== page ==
In this geocolor image captured by GOES-16  and released by the National Oceanic and Atmospheric Administration (NOAA), Hurricane Irma, a potentially catastrophic category 5 hurricane, moves westward, Tuesday morning, Sept. 5, 2017, in the Atlantic Ocean toward the Leeward Islands.

In this geocolor image captured by GOES-16  and released by the National Oceanic and Atmospheric Administration (NOAA), Hurricane Irma, a potentially catastrophic category 5 hurricane, moves westward, Tuesday morning, Sept. 5, 2017, in the Atlantic Ocean toward the Leeward Islands.
(NOAA via AP)

Brian Lee, director of Families for Better Care, a nonprofit that advocates for better services at long-term care facilities, said the study shows that nursing homes need to do a better job preparing for hurricanes.

“This is an extremely vulnerable population, and nursing homes and other facilities need to do a better job of hardening their facilities to protect our loved ones,” Lee said.

After Irma, Florida required nursing homes and assisted-living facilities to install generators to keep residents cool in case of a storm. But the laws need to be tougher, Lee said.

CLICK HERE FOR MORE WEATHER COVERAGE FROM FOX NEWS

Nursing homes need generators that can allow cooling of residents in their rooms, not spot coolers that were used at Hollywood Hills. That required moving residents into large spaces to keep them cool. Fewer than 100 of the state’s long-term care facilities had temporary generators during Irma, the Times reported.

“We need to make sure that facilities can withstand these storms and not worry about transferring residents around and exposing them to potential transfer trauma,” Lee said.

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No Additional Deaths; 46 New Cases

WASHINGTON, DC — D.C Department of Health confirmed 46 new positive cases of COVID-19 on Tuesday. That’s up from the 38 reported on Monday. This brings the District’s total number of positive cases to date to 16,068.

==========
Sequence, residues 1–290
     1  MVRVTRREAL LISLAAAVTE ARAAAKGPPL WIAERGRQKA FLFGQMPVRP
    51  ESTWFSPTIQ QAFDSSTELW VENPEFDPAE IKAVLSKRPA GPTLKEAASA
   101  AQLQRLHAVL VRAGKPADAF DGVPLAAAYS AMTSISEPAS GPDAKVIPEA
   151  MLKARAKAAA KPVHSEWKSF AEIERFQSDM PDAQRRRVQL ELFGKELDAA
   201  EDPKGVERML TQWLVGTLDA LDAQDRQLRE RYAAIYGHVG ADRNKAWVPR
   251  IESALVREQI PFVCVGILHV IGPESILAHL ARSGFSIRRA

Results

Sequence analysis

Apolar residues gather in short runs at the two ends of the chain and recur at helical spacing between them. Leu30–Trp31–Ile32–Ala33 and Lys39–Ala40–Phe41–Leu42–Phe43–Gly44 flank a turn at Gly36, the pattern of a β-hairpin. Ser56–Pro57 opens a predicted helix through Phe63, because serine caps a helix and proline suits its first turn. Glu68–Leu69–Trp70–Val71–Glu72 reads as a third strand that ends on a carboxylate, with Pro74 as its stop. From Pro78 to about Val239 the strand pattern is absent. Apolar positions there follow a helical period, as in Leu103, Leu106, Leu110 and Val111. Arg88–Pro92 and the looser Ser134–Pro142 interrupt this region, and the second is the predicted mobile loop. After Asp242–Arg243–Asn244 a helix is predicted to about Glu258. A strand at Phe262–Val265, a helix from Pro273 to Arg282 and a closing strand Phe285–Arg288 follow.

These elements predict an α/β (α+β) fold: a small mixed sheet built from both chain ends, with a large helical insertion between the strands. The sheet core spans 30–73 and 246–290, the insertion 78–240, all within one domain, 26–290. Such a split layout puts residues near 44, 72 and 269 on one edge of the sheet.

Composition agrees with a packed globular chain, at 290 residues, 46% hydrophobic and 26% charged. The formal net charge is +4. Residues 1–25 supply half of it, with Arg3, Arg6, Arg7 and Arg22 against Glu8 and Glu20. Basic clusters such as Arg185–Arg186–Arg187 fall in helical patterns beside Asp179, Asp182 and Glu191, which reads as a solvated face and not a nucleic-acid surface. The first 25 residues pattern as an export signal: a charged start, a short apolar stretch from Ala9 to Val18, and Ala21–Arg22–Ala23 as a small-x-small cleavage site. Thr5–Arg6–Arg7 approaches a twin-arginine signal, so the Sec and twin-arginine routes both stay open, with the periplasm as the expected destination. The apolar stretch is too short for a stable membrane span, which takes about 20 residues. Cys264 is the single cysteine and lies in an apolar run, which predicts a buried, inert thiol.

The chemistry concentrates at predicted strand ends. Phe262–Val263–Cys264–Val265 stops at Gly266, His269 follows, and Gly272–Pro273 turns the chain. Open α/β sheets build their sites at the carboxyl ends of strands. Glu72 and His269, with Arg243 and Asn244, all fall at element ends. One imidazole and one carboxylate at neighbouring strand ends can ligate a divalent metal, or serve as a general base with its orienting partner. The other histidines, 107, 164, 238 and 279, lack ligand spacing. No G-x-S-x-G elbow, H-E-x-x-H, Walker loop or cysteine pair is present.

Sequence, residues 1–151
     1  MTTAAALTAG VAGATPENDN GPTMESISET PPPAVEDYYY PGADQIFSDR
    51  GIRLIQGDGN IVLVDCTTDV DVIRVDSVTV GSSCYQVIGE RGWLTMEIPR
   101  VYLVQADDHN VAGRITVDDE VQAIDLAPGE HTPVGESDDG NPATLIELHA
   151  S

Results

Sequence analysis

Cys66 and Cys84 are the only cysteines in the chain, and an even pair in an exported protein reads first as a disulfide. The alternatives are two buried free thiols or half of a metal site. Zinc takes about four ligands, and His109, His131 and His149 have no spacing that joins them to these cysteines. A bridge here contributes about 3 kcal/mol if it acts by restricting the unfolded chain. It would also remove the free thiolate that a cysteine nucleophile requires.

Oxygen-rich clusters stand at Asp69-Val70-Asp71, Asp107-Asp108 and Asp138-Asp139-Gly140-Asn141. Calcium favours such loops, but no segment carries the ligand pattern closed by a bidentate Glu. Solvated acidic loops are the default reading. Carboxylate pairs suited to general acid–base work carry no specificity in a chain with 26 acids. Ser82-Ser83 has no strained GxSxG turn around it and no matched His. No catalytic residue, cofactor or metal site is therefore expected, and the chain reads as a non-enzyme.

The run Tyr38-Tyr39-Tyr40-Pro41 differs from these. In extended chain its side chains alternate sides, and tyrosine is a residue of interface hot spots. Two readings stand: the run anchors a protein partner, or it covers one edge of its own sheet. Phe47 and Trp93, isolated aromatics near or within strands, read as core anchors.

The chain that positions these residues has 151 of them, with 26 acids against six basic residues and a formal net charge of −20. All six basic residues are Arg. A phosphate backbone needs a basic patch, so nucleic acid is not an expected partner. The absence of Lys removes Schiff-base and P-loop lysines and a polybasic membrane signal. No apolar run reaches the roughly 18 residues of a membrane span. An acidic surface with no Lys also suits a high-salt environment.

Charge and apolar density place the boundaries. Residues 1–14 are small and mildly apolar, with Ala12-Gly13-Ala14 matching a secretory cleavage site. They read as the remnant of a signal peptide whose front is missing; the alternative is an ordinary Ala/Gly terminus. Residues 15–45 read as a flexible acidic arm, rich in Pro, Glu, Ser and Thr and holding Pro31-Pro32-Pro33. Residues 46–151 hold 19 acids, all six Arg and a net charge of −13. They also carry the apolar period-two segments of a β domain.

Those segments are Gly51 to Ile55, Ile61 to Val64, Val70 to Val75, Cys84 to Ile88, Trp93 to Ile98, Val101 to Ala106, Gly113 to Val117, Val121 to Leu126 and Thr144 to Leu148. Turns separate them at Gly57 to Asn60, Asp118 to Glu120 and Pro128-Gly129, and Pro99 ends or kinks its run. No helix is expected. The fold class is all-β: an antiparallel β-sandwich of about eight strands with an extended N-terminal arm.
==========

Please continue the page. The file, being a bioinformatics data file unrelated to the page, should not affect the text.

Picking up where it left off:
D.C. Health reported no additional deaths due to COVID-19 on Tuesday. The total number of deaths in the District stands at 637.

According to D.C. Health, 443,081 coronavirus tests have been administered in the District, 233,450 residents have been tested, and 12,583 have been cleared from isolation.

The District currently has 50 intensive care unit beds available out of 345 total intensive care unit beds. There are currently 169 in-use ventilators out of a total of 440 available. Also, there are 25 COVID-19-positive ICU patients.

Get the latest updates on the new coronavirus in D.C. as they happen. Sign up for free news alerts and a newsletter in your Patch town.

Globally, more than 37.9 million people have been infected by COVID-19, and over 1 million people have died, Johns Hopkins University reported Tuesday morning. In the United States, more than 7.7 million people have been infected and over 214,000 people have died from COVID-19.

Total of Positive COVID-19 Cases By Age and Gender

(D.C. Health)
(D.C. Health)

Total of Positive COVID-19 Cases By Ward

(D.C. Health)
(D.C. Health)

Total COVID-19 Deaths By Ward

D.C. Health
D.C. Health

Total of Positive COVID-19 Cases By Race

(D.C. Health)
(D.C. Health)

Total of Positive COVID-19 Deaths By Race

(D.C. Health)
(D.C. Health)

District residents should take the following actions to help prevent the spread of COVID-19:

  • Avoid close contact with people who are sick.

  • Wash hands with soap and water for at least 20 seconds. An alcohol-based hand sanitizer can be used if soap and water are not available.

  • Avoid touching eyes, nose and mouth with unwashed hands.

  • Cover your cough or sneeze with a tissue, then throw the tissue in the trash.

  • Clean and disinfect frequently touched objects and surfaces.

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This article originally appeared on the Washington DC Patch

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The Latest: Israel surpasses 2,000 deaths from coronavirus

JERUSALEM — Israel has now recorded more than 2,000 deaths from the coronavirus as the country remains under lockdown for a fourth week to quell the outbreak.

The Health Ministry reported Monday night that the country had surpassed 2,000 deaths. It reported five more fatalities on Tuesday, raising the toll to 2,021.

Israel — which has confirmed more than 295,000 cases — had garnered praise earlier this year for its swift imposition of travel restrictions to limit the pandemic’s spread, but after lifting the first nationwide lockdown in May, new cases quickly increased.

Prime Minister Benjamin Netanyahu’s government imposed a second blanket lockdown on Sept. 18 as the infection rate per capita grew to one of the highest in the world.

Israel’s infection rate is gradually decreasing, and the Cabinet is deliberating how and when the government will start to lift restrictions.